Strategy, optionality and Managing Two Products at Basecamp

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Strategy, Optionality and Managing Two Products at Basecamp.

We talked with Jason Fried, founder of Basecamp and Hey, in advance of his session at Business of Software USA Online to get some of the important but unnecessary stuff out of the way in advance.

Part 2 of 3 – here we discuss how Jason and David think about strategy and manage risk at Basecamp, and find out how they plan to manage two products following the launch of their new email service Hey.com. To see the whole discussion in one place, click here.

Or pick your topic…

Of course, there is plenty more to talk about and we’re looking forward to spending time with Jason and David Heinemeier Hansson, neither of whom are short of opinions, to delve deeper at Business of Software Conference Online 21-23 September.

You should be in the (Zoom) room where it happens.

Jason Fried Basecamp Hey

How do you think about strategy and optionality at Basecamp?

Jason: “The way I try to do this is try to project backwards, a year, extending from now and think about how I will look back on the last year. What am I going to regret? Don’t do that. I don’t do the things I’m going to regret. Basically it’s how I try to think about strategy. It’s easy sometimes to make decisions in the moment and not think about them in a reflective way.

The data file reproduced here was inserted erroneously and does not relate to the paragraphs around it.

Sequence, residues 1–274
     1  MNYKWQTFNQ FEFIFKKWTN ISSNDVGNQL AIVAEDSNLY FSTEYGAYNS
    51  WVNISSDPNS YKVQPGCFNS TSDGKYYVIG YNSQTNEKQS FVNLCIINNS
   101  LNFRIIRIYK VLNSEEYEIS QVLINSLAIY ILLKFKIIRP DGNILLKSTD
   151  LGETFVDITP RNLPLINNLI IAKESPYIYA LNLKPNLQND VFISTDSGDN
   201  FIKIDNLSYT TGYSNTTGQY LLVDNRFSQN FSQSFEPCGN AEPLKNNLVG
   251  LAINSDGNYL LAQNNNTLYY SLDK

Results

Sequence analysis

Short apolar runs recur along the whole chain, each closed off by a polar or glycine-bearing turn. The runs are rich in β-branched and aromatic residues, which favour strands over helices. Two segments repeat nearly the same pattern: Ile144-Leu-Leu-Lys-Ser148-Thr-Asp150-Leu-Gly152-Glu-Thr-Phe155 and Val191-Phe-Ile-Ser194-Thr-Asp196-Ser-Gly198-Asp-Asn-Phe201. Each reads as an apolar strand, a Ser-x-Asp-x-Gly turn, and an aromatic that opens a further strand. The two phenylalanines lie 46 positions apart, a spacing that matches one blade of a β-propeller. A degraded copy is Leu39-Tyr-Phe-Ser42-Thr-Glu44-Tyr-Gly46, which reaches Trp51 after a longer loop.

“I try to do that because I don’t want to show up at work every day to do things I don’t want to do most of the time. Of course there’s always days to do things you don’t want to do. Of course a lot of work is monotonous boring stuff, no matter what you’re doing. I want to make sure that strategically, at the high level, we don’t make decisions we’re going to regret a year from now.”

How do you consider risks?

Jason: “Part of this too is about is about measuring risk. Thinking about things in terms of tradeoffs and making bets. Placing and taking odds. We don’t think ‘strategically’, we’re never interested in trying to be certain of anything. Certainty is not interesting to me. It’s a false hope.